We have a love-hate relationship with biometric ID. After all, it looks so cool when the hero in a sci-fi movie enters the restricted-access area after having his hand and iris scanned. But that’s about the best you can say about biometric security. It’s conceptually flawed in a bunch of ways, and nearly every implementation we’ve seen gets broken sooner or later.
Case in point: prolific anti-biometry hacker [starbug] and a group of friends at the Berlin CCC are able to authenticate to the “Samsung Pay” payment system through the iris scanner. The video, embedded below, shows you how: take a picture of the target’s eye, print it out, and hold it up to the phone. That was hard!
Sarcasm aside, the iris sensor uses IR to recognize patterns in your eye, so [starbug] and Co. had to use a camera with night vision mode. A contact lens placed over the photo completes the illusion — we’re guessing it gets the reflections from room lighting right. No etching fingerprint patterns into copper, no conductive gel — just a printout and a contact lens.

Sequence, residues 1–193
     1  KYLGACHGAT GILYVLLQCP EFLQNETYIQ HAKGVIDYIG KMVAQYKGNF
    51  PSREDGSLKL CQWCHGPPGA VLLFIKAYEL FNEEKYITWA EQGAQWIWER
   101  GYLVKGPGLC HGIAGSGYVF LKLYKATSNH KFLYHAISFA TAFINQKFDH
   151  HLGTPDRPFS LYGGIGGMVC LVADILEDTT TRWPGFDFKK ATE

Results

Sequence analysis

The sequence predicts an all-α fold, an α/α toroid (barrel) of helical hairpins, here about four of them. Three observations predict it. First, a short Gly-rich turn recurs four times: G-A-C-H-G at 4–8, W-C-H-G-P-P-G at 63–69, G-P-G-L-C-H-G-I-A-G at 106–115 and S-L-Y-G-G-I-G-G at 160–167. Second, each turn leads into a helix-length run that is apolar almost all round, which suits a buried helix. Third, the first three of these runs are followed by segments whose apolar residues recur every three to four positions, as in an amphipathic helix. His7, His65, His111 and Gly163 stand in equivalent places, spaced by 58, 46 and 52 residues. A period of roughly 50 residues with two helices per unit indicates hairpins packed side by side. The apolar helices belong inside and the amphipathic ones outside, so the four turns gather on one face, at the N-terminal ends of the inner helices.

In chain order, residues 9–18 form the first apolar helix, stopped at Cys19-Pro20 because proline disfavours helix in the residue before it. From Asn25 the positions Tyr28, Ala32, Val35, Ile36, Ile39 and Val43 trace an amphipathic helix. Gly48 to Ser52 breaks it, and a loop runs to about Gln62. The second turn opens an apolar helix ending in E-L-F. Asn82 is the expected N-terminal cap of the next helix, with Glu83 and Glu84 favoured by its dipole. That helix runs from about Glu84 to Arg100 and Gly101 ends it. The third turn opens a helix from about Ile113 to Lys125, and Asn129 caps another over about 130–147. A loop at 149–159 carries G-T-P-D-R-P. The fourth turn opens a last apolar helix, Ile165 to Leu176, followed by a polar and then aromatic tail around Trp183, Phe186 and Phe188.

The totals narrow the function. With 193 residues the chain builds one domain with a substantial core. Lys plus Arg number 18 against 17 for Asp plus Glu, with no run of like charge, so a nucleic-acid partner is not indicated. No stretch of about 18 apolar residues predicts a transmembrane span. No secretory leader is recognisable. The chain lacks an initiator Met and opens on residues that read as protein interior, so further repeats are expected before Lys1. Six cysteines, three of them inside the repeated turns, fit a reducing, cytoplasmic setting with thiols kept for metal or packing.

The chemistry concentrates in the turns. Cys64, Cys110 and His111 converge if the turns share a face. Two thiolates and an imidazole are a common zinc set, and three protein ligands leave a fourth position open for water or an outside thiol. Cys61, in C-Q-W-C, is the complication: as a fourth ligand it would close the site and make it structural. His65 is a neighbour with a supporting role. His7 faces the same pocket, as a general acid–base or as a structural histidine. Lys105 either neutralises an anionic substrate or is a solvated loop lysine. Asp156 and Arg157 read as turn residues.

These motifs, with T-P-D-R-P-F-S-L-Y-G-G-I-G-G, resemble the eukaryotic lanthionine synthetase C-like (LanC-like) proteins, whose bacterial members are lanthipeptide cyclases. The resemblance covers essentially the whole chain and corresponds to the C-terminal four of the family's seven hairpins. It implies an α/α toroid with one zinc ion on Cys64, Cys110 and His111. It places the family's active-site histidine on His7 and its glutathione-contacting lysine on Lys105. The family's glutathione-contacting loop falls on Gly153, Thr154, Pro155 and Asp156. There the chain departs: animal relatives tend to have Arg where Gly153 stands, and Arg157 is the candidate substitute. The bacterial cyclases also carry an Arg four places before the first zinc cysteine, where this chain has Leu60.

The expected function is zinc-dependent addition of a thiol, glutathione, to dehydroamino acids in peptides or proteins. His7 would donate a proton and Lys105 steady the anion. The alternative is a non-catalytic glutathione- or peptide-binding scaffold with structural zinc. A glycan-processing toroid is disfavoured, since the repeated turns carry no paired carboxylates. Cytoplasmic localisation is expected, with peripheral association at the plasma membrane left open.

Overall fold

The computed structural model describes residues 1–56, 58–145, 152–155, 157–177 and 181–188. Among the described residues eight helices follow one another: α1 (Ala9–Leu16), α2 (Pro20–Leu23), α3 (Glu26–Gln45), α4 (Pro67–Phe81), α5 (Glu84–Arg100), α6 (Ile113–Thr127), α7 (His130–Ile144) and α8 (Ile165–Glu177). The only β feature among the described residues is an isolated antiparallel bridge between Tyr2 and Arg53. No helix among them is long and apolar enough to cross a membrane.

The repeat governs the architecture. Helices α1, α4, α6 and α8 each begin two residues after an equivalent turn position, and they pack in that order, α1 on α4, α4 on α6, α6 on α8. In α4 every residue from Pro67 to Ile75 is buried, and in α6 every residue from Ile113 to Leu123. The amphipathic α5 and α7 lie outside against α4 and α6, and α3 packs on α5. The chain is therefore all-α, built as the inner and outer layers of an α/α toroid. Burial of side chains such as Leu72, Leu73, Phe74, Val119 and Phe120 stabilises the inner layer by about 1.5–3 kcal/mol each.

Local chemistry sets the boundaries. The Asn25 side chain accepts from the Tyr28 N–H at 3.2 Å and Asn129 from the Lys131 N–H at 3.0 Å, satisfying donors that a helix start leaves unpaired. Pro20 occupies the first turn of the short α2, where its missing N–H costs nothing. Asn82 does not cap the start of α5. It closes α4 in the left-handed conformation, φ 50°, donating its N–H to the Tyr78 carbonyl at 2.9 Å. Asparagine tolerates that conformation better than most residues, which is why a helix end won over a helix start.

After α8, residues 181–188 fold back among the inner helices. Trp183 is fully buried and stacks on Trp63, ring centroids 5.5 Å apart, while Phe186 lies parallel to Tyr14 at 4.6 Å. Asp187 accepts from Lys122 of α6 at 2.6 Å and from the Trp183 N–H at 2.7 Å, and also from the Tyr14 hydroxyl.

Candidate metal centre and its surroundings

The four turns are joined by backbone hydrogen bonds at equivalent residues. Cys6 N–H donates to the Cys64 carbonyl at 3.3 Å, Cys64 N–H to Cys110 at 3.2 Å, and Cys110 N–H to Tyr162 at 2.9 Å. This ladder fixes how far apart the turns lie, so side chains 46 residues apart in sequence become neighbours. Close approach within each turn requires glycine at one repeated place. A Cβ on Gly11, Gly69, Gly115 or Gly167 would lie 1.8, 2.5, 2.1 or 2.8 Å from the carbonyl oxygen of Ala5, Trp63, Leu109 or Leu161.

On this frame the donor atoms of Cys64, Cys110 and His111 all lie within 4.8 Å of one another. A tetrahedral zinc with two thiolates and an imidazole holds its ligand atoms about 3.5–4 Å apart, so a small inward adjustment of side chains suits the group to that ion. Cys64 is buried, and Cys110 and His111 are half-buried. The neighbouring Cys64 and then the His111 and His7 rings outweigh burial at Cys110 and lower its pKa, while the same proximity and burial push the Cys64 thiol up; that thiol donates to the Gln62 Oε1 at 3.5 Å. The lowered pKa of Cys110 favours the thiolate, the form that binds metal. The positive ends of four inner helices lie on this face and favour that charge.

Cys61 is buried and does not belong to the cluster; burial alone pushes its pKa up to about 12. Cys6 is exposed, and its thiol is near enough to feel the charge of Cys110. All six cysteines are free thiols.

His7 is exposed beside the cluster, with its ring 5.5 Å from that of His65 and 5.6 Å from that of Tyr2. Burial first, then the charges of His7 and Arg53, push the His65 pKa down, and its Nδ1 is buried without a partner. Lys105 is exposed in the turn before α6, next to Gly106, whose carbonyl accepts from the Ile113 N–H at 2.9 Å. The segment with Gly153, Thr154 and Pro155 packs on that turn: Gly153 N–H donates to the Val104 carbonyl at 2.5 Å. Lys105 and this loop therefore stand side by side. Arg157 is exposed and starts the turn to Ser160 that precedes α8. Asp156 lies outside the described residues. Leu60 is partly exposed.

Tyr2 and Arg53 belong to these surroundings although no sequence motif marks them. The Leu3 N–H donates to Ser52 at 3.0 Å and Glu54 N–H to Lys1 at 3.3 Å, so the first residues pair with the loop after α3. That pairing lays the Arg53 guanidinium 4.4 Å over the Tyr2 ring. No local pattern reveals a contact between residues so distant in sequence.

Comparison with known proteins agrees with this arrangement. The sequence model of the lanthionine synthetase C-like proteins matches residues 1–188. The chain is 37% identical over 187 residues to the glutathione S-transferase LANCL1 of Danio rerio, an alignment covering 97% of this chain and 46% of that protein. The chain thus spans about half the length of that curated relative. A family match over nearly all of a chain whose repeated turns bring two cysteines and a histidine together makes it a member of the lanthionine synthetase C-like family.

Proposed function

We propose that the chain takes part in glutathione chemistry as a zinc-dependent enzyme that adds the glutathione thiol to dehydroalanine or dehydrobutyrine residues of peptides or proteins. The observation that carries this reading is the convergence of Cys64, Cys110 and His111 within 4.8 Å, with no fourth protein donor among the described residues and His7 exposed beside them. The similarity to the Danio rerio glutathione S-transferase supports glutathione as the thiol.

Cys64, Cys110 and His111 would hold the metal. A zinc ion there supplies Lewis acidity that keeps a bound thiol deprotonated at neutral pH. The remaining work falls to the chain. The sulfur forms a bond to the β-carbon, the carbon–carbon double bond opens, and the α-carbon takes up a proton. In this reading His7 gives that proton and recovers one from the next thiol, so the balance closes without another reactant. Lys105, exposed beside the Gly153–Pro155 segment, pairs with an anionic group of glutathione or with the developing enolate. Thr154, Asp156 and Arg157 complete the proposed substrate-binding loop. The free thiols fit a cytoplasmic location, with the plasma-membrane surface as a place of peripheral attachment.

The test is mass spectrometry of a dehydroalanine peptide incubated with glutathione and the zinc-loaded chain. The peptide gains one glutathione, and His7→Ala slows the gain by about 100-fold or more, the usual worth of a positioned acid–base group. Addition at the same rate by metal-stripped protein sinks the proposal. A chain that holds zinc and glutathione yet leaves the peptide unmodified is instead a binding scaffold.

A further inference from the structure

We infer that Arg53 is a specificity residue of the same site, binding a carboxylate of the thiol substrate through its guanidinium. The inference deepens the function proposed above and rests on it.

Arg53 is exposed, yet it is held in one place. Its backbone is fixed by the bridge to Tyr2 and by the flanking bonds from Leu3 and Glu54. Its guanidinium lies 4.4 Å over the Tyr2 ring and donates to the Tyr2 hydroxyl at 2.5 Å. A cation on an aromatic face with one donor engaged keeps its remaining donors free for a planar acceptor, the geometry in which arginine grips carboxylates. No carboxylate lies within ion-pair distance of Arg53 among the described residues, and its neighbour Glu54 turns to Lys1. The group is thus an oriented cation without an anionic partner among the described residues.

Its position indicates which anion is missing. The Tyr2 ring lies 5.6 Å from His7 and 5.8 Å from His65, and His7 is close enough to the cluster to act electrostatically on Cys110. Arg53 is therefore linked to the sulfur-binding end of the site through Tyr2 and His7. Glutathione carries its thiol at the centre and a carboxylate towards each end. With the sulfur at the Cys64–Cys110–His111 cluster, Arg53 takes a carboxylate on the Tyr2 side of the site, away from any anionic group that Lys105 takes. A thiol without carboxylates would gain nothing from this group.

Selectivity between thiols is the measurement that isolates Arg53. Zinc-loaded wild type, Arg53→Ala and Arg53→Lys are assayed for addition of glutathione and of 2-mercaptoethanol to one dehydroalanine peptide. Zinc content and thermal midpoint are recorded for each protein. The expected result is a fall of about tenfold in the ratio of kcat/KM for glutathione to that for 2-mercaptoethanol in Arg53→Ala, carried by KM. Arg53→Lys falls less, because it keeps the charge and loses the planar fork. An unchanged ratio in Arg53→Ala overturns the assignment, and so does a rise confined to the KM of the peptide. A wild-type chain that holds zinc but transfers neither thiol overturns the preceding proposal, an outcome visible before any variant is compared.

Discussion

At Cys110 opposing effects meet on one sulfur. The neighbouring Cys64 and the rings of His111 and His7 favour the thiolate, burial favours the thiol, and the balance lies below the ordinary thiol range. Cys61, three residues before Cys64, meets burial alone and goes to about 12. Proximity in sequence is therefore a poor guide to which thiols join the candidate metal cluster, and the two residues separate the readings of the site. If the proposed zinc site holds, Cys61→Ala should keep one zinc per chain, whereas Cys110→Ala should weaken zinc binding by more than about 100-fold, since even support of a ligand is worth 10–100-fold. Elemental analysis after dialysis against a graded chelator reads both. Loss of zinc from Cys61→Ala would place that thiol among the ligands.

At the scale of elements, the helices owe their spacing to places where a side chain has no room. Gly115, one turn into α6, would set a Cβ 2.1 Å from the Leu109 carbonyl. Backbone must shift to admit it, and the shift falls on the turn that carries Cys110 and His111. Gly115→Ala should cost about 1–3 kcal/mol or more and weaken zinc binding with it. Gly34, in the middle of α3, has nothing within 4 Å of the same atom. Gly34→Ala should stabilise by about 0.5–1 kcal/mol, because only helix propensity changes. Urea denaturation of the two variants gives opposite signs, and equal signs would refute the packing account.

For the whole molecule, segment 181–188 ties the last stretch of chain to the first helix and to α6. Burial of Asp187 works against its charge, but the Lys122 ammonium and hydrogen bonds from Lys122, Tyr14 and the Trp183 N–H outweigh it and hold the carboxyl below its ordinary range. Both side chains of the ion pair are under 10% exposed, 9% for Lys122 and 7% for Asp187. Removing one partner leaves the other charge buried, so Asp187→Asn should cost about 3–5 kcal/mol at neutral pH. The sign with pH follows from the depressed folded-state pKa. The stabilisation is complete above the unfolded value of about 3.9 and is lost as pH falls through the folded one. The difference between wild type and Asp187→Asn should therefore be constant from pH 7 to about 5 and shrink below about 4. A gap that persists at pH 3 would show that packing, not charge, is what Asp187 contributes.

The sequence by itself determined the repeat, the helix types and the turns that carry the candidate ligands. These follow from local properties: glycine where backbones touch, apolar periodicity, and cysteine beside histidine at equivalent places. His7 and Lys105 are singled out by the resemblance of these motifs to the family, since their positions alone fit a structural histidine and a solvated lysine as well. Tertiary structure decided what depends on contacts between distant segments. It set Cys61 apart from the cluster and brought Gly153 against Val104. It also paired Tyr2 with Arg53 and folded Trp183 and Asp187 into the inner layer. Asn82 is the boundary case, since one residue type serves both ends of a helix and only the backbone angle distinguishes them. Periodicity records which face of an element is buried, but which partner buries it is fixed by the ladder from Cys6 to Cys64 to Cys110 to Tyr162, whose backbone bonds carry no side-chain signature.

We’ve ranted about the insecurity of fingerprints before; they’re not a good secret, they’re irrevocable, and they’re hard to store securely. And on top of these conceptual problems, they’re quite spoofable, as [starbug] and many others have shown, going way back.
So why do we still use them? Fingerprint readers and iris scanners are “good enough” security and they’re fun to hack around with. Should you add one to your project for grins? Absolutely. Should you require your citizenry to use them for authentication, or use them for real security? We wouldn’t.
Thanks [mbln] for the tip!